Billed as 'the knife that never needs sharpening' and sold with a 25-year guarantee, the Laser knife has been the company's meal ticket for nearly 15 years. Its innovation is the unusual serration on scalloped edges, which optimise the cutting angle of the knife.

'Without Jerry Hahn buying the business and the development of the Laser knife, we would just be a small blade producer,' says Gordon Bridge, Richardson's managing director.

The idea came on a sales trip in the US when Mr Hahn was sent away by a Sears Roebuck buyer. 'Come back when you've got something different to sell,' he was told, 'like a knife that doesn't need sharpening.'

Mr Hahn, together with Bryan Upton, his managing director back in Sheffield, worked on a knife that could be sold as a premium product. Before 1980, knives were little more than a low-price commodity product. Mr Hahn and Mr Upton wanted a branded knife that could be sold separately or in sets in attractive wooden blocks as gifts for newlyweds or first-time home buyers.

The market was initially sceptical about the Laser knife. The sales director, Kathy Sanchez, spent hours cutting up telephone directories in demonstrations. But by 1982, the concept was established and the company never looked back.

The attributes that helped Richardson to develop the Laser knife are still visible in the company today even though Hahn sold the business to Macpherson, an Australian house-products group, in 1986.

The company's two factories in Sheffield - they have to be based within the city limits to use 'Sheffield' in the name - are highly automated and the company develops its own machinery if it cannot find what it wants in the market.

The factories pride themselves on their flexibility. If a customer wants a sample of a new knife, everyone in the factory drops everything to work on it. A fortnight ago, a Swiss customer visited Sheffield requesting a knife that would cut the peel from oranges and pick the pith off too. A runner was despatched to the grocer and there were soon oranges all over the place as computer-aided design operators and foremen put their heads together to develop a sample for the customer to take back with him to Switzerland that day.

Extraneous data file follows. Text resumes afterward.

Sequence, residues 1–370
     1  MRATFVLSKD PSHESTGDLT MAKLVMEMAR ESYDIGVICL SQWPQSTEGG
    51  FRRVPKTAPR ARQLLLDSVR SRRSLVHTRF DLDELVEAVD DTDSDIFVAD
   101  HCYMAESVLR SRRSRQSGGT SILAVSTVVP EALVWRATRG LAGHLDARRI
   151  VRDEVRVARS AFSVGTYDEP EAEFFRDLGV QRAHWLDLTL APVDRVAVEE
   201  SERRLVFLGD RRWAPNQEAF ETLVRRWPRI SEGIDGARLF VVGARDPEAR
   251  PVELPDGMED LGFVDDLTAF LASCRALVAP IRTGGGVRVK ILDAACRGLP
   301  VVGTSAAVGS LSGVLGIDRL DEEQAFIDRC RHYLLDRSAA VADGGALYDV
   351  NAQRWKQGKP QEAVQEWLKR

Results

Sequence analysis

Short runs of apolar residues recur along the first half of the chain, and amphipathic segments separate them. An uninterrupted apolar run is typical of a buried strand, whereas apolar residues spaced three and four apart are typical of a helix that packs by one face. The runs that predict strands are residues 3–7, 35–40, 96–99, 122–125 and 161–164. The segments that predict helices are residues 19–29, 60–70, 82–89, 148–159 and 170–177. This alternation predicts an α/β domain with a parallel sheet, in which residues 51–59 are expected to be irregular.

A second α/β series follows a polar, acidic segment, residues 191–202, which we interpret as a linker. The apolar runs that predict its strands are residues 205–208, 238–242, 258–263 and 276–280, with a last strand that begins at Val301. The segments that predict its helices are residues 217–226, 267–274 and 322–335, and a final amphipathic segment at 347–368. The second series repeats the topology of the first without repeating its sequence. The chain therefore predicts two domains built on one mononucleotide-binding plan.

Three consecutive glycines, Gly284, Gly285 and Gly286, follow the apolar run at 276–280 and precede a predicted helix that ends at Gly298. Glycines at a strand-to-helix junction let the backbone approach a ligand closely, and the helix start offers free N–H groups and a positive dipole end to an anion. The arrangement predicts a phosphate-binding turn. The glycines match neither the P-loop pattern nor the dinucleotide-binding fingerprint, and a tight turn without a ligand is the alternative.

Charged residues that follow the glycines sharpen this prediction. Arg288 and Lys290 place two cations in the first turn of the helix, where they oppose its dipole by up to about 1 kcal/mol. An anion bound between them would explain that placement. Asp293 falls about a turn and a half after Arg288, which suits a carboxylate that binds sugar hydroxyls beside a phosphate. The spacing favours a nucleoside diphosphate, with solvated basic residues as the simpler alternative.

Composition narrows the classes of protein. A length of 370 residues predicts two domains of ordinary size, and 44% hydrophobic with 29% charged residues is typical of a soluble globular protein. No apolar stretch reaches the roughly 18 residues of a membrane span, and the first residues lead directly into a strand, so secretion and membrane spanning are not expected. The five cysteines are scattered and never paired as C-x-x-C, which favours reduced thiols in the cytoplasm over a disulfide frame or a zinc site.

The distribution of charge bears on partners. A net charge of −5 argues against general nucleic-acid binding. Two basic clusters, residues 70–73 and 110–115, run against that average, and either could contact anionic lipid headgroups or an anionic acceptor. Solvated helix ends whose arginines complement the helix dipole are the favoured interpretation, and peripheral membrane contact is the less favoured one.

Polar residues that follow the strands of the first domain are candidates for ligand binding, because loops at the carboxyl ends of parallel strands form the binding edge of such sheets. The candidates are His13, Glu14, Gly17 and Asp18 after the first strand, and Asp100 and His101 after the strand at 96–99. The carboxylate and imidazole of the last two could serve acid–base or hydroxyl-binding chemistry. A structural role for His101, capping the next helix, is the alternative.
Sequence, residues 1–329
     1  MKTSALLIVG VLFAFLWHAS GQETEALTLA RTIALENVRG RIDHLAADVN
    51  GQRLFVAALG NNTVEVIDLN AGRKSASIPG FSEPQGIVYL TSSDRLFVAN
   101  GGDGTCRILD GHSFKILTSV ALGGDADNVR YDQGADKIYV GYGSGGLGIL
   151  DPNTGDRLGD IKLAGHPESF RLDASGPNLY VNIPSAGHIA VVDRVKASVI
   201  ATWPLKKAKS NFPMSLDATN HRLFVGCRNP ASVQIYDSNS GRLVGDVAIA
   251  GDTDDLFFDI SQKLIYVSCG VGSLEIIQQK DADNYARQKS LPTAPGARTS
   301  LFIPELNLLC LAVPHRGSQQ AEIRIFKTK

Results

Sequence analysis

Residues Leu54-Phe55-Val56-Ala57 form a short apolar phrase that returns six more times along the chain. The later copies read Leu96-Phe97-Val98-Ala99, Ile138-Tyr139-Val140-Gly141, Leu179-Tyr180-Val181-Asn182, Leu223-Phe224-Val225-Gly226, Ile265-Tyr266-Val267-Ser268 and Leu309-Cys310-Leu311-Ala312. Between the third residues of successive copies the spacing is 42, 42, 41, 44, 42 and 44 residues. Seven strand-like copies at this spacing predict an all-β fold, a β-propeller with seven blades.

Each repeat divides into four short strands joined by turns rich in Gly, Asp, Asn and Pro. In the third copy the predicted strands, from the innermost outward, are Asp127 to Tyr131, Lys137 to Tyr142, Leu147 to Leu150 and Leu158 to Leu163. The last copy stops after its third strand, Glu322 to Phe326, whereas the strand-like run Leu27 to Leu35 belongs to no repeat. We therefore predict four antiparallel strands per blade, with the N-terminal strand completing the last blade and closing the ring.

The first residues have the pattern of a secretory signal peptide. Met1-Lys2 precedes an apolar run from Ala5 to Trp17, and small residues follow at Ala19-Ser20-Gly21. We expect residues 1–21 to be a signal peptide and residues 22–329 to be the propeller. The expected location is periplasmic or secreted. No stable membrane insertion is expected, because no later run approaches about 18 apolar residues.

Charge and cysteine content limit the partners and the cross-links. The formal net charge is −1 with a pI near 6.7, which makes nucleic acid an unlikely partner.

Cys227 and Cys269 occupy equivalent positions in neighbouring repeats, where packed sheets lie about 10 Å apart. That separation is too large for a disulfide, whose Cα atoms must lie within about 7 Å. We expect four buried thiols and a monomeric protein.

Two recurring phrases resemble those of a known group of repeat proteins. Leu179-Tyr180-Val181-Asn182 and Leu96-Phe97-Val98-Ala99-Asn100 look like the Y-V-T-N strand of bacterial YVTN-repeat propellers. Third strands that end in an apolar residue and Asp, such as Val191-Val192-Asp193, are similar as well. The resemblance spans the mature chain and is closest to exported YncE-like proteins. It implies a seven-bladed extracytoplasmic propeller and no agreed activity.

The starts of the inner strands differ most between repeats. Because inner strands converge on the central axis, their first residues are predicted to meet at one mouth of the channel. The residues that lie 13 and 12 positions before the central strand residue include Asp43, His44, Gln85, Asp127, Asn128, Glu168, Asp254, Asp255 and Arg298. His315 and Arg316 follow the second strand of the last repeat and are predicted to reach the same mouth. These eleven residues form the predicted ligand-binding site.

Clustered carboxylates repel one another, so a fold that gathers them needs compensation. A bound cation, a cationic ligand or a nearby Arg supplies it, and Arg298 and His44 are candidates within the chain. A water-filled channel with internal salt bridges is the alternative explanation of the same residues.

It is a system that has helped Richardson to develop knives for individual markets.

In the display room there are short, dagger-type knives aimed at the Italian market, where they are used to hack at parmesan cheese. For the German market there is a serrated knife with large holes so the blade does not get wedged in the cheese. And for the Finns the company developed a long, double- ended knife for mushroom-picking, featuring a blade at one end to slice off the stalk and a brush at the other to remove the earth.

Speed of response is taken very seriously at Richardson. Phones are to be answered within three rings. Faxes are to have a response within an hour. Incoming phone calls and correspondence are to be answered in their native language.

'If a letter comes in in Swahili, it is answered in Swahili,' the marketing director, Glyn Morgan, says.

Kathy Sanchez, who speaks six languages, is a key asset here. Other staff are encouraged to take language courses and are given grants by the company to do so.

Staff are also encouraged to come up with new ideas and the company is currently broadening its product base. Last year it launched a range of mass-market dining cutlery called Cameo. Add-ons such as barbeque accessories and chopping boards are being considered.

'We know good ideas don't last forever,' Mr Bridge says. 'We've managed to get into this position. Now we've got to fight to maintain it.'

(Photograph omitted)